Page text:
Theresa May will on Monday hold Brexit talks with French president Emmanuel Macron and Irish prime minister Leo Varadkar, before flying to Brussels to try to engineer a breakthrough in stalled exit negotiations.
Mrs May is expected to urge Mr Macron in a telephone conversation to soften his approach, with France insisting that Britain makes further commitments on a Brexit financial settlement before moving on to the next phase in talks.
Meanwhile Mr Varadkar is holding out for further assurances from Mrs May that the north-south frontier in Ireland will remain nothing more than a line on the map after Brexit, and will not become an obstacle to the free flow of goods.
Mrs May’s efforts represent a push for a political breakthrough ahead of a meeting of EU heads of state on Thursday, with some members of her party growing angry that the EU has not reciprocated her recent attempt at a conciliatory speech in Florence.
Downing Street said last month’s speech was intended “to create momentum” and said Monday’s talks were intended to “reflect upon Florence and the constructive way in which it has been received”.
But the prime minister’s office batted away suggestions that Mrs May might travel to Brussels for dinner with European Commission president Jean-Claude Juncker with any new financial offer.
Alongside Mr Juncker at the dinner will be his chief of staff, Martin Selmayr; Michel Barnier, the EU’s chief Brexit negotiator; David Davis, the UK Brexit secretary; and Olly Robbins, the prime minister’s representative at the negotiations.
Mr Juncker, speaking in Brussels, said ahead of the dinner: “I will see Mrs May this evening. We will talk, and you will see at the autopsy.”
French officials said on Monday they wanted Mr Barnier’s team to focus on resolving Brexit divorce arrangements — including a financial settlement — before moving on to a second phase of talks on a future trade deal and a transitional arrangement.
“If we can help out Mrs May without threatening the sequencing of the negotiation, we’ll do it,” said one. “But it’s a delicate balancing act, because the Brexit team cannot be distracted too much. They need to focus on the first part of the negotiations. If we have to choose, our priority goes to the divorce deal.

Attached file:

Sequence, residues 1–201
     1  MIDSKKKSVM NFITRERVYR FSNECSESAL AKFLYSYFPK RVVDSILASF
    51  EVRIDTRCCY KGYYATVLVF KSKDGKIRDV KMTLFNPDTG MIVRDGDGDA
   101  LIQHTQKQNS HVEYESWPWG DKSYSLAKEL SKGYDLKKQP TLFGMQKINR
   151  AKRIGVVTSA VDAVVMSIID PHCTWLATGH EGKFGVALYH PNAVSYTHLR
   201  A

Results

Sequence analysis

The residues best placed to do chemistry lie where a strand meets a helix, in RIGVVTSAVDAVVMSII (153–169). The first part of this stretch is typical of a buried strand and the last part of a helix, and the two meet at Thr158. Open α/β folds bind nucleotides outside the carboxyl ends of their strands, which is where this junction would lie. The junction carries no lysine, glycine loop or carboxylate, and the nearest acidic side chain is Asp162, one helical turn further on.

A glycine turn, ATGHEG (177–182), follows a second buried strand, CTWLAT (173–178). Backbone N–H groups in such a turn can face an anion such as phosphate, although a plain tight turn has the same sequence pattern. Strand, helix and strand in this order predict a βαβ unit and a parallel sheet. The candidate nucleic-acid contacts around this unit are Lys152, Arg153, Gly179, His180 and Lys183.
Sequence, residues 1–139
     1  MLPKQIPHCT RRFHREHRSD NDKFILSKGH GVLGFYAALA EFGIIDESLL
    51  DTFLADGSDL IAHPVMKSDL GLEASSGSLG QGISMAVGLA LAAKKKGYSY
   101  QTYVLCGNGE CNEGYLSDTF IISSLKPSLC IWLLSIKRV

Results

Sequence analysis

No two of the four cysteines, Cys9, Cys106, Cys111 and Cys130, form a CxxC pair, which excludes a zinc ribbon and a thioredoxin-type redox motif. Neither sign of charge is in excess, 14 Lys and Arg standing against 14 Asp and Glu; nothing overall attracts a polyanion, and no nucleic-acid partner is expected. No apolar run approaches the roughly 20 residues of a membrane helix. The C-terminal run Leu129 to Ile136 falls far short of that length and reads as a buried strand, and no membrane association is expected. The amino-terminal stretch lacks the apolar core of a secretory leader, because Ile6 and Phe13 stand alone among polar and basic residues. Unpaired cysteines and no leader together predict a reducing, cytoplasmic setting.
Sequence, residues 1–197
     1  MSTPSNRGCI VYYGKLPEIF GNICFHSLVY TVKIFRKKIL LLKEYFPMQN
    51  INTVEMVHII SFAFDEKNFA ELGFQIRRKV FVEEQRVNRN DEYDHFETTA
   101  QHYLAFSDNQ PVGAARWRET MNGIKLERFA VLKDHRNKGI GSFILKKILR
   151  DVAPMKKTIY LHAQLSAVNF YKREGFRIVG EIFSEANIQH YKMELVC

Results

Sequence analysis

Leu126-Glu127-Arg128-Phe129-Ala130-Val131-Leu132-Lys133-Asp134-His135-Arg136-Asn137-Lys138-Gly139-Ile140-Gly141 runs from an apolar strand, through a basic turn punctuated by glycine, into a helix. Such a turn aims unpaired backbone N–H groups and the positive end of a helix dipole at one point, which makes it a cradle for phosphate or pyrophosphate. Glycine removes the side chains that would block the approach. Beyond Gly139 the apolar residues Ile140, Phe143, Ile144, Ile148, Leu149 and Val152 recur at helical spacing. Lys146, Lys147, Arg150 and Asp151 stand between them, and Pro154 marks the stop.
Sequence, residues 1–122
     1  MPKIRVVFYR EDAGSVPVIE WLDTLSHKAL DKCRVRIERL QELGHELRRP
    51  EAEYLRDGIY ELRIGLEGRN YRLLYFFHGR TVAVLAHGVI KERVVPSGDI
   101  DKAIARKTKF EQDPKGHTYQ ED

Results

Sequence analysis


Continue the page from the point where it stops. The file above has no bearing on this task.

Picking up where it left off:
“There is no softening of the French position. Instead there is a realisation in the UK that the Germans were never softer than us. In fact, we are perfectly aligned.
“There are some who are pushing us to send a positive message to May after her speech in Florence. OK, but we [French and Germans] are the ones reminding everyone that priority is the sequencing of the negotiation.”
The last dinner between Mrs May and Mr Juncker in April was a diplomatic disaster. Afterwards, an article in the Frankfurter Allgemeine newspaper said Mr Juncker had been “shocked” by Mrs May’s position.
“Theresa May started by stating that the UK wanted to discuss first future arrangements, then Article 50 stuff,” one source with knowledge of the dinner said. “It felt to the EU side like she does not live on planet Mars but rather in a galaxy very far away.”
Mrs May later accused European politicians and officials of plotting to “deliberately affect” the result of the UK’s June general election by issuing “threats” against Britain. She said bureaucrats had “misrepresented” the UK’s position on Brexit, adding that some of them “do not want these talks to succeed”.